I love to sing so much but I feel lost and lonely without playing bass and even I may lose the melody. Bass guitar gives a beautiful sound; it’s strong and it leads the other instruments. As long as we have bass I feel secure and sing in a very relaxed way. Our band consists of Cuban musicians [who] all live in Istanbul but when it comes to [the Latin Cuban] Orchestra I try to get some Turkish musicians together. Once I said if we could make it, the band would be full of the best Latin musicians of Turkey. And it still is.
We have so many talented musicians in Turkey who can’t read music, what about your tradition?
Of course we have some too. For instance, our traditional music “son” is music created by these types of musicians who can’t read music but play by ear. And the traditional music son has been transmitted through this way. Honestly our tradition began with those musicians. Musical education came into the scene way after the revolution in Cuba.
Cuban music and Latin music associate with more of a happy sound in my mind. How do you describe your traditional music?
It’s not all about [a] happy sound. There is some sad music with the feeling of nostalgia too. For instance, a beautiful bolero, “Dos Gardenias,” is a romantic, melancholic song and it tells about love. But the other types like son, cha cha cha, merengue [and] cumbia are more energetic and fun just because they include rich rhythmical variety and percussion. When it comes to lyrics, they include metaphors; some are funny and positive but sometimes lyrics are political and socially conscious. All of them are just about life.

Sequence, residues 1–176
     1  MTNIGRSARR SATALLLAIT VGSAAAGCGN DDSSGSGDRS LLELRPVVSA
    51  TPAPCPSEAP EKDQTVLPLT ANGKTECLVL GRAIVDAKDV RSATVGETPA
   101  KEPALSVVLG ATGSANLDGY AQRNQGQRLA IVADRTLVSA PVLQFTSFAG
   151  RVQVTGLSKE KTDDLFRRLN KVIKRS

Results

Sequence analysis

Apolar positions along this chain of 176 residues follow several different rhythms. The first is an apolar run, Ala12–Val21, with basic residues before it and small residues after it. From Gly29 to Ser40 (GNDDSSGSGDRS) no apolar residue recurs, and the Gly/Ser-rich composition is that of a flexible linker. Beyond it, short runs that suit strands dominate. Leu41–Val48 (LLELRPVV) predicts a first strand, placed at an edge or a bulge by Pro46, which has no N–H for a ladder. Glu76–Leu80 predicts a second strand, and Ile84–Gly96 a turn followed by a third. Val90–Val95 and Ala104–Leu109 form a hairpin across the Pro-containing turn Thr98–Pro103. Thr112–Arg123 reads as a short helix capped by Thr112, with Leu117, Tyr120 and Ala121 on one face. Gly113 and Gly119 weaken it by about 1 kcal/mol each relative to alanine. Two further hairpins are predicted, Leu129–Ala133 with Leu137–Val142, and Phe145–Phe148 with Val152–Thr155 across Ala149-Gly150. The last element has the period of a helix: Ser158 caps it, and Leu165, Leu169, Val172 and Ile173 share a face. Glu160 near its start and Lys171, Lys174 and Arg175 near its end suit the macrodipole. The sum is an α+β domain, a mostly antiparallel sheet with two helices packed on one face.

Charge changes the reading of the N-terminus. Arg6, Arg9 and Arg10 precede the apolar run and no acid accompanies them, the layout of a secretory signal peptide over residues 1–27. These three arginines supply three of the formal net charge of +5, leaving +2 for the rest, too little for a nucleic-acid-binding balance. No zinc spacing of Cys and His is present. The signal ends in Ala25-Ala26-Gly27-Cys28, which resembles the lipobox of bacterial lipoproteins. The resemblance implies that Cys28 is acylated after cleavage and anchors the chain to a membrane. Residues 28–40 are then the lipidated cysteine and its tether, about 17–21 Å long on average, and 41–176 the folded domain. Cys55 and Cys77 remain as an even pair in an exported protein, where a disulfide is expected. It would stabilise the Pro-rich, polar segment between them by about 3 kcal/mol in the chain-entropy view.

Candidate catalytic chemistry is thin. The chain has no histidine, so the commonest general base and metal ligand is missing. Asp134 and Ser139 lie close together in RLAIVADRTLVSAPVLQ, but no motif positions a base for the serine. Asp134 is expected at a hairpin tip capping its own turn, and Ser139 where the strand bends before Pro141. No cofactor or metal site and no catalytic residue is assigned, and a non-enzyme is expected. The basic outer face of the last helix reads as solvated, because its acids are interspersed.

Finally, as a musician born in Havana, how do you describe the inspiration you get from Istanbul as a city?
For me being in Istanbul still feels like a dream. If we compare Cuba and Turkey, they are totally different cultures. But I feel like there are so many common aspects between two. Cuba is a key country in the Caribbean region and Turkey is a key country between Asia and Europe. Istanbul feels like it includes all the essence of different cultures. I can feel a complete essence of Europe in Istanbul sometimes and sometimes I can feel Latin America too. Istanbul is resourceful and it is open to anything anytime. In fact your culture with the darbuka drum feels close to our culture with rumba. Havana and Istanbul are so different in a cultural sense indeed but it also feels so close in some ways. All these are very inspiring while trying to write the music I dream of.